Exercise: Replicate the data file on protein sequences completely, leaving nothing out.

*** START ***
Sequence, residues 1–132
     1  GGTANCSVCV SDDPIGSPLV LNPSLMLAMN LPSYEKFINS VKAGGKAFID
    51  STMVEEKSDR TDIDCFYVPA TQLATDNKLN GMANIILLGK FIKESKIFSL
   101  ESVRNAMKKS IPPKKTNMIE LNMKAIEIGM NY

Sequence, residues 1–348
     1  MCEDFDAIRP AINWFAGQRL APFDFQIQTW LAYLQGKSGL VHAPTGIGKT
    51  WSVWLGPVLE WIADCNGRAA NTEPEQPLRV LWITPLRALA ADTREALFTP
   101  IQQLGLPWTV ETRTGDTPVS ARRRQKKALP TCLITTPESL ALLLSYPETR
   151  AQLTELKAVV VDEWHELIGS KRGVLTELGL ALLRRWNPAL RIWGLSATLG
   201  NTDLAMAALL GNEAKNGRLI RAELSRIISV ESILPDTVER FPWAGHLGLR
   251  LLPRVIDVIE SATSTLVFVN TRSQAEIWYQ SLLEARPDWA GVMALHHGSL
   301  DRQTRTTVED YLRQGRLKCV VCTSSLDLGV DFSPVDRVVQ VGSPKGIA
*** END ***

Sequence, residues 1–132
     1  GGTANCSVCV SDDPIGSPLV LNPSLMLAMN LPSYEKFINS VKAGGKAFID
    51  STMVEEKSDR TDIDCFYVPA TQLATDNKLN GMANIILLGK FIKESKIFSL
   101  ESVRNAMKKS IPPKKTNMIE LNMKAIEIGM NY

Sequence, residues 1–348
     1  MCEDFDAIRP AINWFAGQRL APFDFQIQTW LAYLQGKSGL VHAPTGIGKT
    51  WSVWLGPVLE WIADCNGRAA NTEPEQPLRV LWITPLRALA ADTREALFTP
   101  IQQLGLPWTV ETRTGDTPVS ARRRQKKALP TCLITTPESL ALLLSYPETR
   151  AQLTELKAVV VDEWHELIGS KRGVLTELGL ALLRRWNPAL RIWGLSATLG
   201  NTDLAMAALL GNEAKNGRLI RAELSRIISV ESILPDTVER FPWAGHLGLR
   251  LLPRVIDVIE SATSTLVFVN TRSQAEIWYQ SLLEARPDWA GVMALHHGSL
   301  DRQTRTTVED YLRQGRLKCV VCTSSLDLGV DFSPVDRVVQ VGSPKGIA